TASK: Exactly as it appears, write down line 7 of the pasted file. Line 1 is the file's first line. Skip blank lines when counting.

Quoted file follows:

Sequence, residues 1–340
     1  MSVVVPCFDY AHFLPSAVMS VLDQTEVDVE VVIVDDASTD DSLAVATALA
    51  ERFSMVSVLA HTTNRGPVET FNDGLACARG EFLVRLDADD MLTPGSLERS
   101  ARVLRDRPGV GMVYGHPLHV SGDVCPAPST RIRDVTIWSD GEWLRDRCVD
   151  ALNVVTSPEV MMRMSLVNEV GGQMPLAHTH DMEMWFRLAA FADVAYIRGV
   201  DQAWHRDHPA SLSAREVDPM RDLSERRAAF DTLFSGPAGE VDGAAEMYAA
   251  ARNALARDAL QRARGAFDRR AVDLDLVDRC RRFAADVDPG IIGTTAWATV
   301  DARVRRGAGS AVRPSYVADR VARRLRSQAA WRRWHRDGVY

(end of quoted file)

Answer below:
   251  ARNALARDAL QRARGAFDRR AVDLDLVDRC RRFAADVDPG IIGTTAWATV